Naomi Wolf’s book is a classic. It was written as a feminist manifesto in 1990 to wake the world up to the fact that as some restrictive laws and practices have given way to more rights for women, so other – more hidden – restrictions have appeared to take their place. Wolf describes the beauty myth as a powerful belief system where a woman’s worth is measured by her beauty, and where the standards of this beauty are set so that a woman has to spend extreme amounts of money and effort to achieve it, yet still inevitably fail in the end because she cannot stop aging. The point, Wolf proposes, is to keep women preoccupied, insecure and most importantly, away from any real power in society.
The book becomes a bit repetitive after the first chapters, but is an easy read so I still recommend reading the whole thing. It gives a good insight into feminist critical thinking, and, because of it’s manifesto-like character, has a really clear message. I do think it’s important to remember that what Wolf is proposing is something between theory and opinion, and that although it is based partly on research, it also makes some logical leaps and some sweeping generalizations. But sometimes the clarity of the message demands some artistic freedom. And the message is as important today as it was when the book was written.
Wolf follows the impact of the beauty myth on phenomena that range from a micro- to a macroperspective. How it influences both real work opportunities (i.e. women being sacked from jobs as news anchors because they have lost their looks) and the most intimate sphere of identity and self-esteem, both how women are judged by others and how they judge themselves. She compares the beauty myth to cults and strict religions, where nutritional purity has replaced sexual purity and vigorous exercise and self-starvation has replaced religious self-flagellation. The sins of today, according to Wolf, are not explicitly sexual, but nutritional pleasures with sexual undertones. To atone for those sins, and to conform to the ideal, women are expected to endure severe discomfort and pain, in the name of beauty. Because she’s worth it?
According to Wolf “the beauty myth countered women’s new freedoms by transposing the social limits to women’s lives directly onto our faces and bodies. In response, we must now ask the questions about our place in our bodies that women a generation ago asked about their place in society”. Twenty-three years after the publication of The Beauty Myth, where are we when it comes to myths about beauty, youth and their connection to the idea of success and high status? Cosmetic and weight-loss surgeries have kept increasing. Eating disorders, although partly because they are better understood, have shown an increase in both women and men, just like Wolf predicts in her book. Is it getting better, or worse?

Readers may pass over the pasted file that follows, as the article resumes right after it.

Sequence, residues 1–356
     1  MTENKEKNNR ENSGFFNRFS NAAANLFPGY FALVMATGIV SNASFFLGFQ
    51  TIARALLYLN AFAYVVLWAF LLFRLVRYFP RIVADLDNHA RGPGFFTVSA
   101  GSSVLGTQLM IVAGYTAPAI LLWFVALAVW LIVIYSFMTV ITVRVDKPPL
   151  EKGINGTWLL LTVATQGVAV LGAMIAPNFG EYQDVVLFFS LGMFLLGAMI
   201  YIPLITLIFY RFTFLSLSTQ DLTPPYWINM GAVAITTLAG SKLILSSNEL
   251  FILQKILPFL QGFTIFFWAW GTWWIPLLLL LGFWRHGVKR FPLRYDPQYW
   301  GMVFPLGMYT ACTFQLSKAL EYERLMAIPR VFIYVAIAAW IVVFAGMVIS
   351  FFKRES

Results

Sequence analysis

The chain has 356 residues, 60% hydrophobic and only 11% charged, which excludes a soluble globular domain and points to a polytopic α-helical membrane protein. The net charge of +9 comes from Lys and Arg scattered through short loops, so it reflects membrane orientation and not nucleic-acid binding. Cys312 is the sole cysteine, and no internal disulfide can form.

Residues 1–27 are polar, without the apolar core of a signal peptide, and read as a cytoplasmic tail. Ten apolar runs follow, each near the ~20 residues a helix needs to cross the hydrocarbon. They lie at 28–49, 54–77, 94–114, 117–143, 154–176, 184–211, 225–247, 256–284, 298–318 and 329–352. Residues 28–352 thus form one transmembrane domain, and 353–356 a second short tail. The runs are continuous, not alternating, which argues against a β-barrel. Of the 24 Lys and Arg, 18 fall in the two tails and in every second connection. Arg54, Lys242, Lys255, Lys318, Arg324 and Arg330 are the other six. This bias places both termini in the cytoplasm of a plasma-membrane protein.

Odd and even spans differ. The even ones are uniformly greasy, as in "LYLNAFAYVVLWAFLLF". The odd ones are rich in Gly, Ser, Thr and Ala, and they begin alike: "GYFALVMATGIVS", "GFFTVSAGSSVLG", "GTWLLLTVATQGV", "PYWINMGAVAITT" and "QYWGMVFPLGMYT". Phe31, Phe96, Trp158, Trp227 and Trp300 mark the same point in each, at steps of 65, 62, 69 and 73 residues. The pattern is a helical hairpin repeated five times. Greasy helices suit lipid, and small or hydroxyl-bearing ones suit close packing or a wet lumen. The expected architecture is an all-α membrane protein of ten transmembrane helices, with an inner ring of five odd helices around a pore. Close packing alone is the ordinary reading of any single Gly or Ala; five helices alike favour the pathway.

I feel tempted, in one way, to say that things are worse. I would say that the beauty myth has morphed with something that today we could talk about as the “health myth”, where we are led to believe that thinness and fitness equals health and any kind of imperfection easily translates to unhealth or abnormality. That’s dangerous and skews our understanding of what health is really about. Sometimes, when I explain to personal training clients that an overweight person can be fitter and in better “shape” than a normal-weight one, I feel like I am met with a blank stare. When health and beauty are intertwined like this the myth can be defended against earlier arguments – it’s not about something as silly as appearance, it’s about health. It’s sinful to be unhealthy, causing huge costs to society through health-care. So the myth keeps it’s moral normativity.
On the other hand, when Wolf wrote her book, we didn’t even have the internet yet. Twenty-three years is a long time in that sense. Although the huge proliferation of the computer and web-industry has made it easier to globalize the beauty myth and thin ideals far faster and further than before, it has also created a platform for all those speaking against it, connecting people from different cultures, demanding attention across the planet. Alternative rolemodels and ways of thinking can easily be found online if you look for it, and publications from all over the world can spread rapidly. There are positive signs everywhere, from photography-projects depicting beautiful, ordinary naked bodies, to discussion groups and posts on facebook that depict the growing wish of both men and women to be seen and heard as humans, not as objects. More and more people get into yoga and meditation to find a new relationship between mind and body. Is the time coming when men and women together will fight the big, invisible and greedy powers that have managed to keep up barriers between the genders for such a long time? Is this the new wave?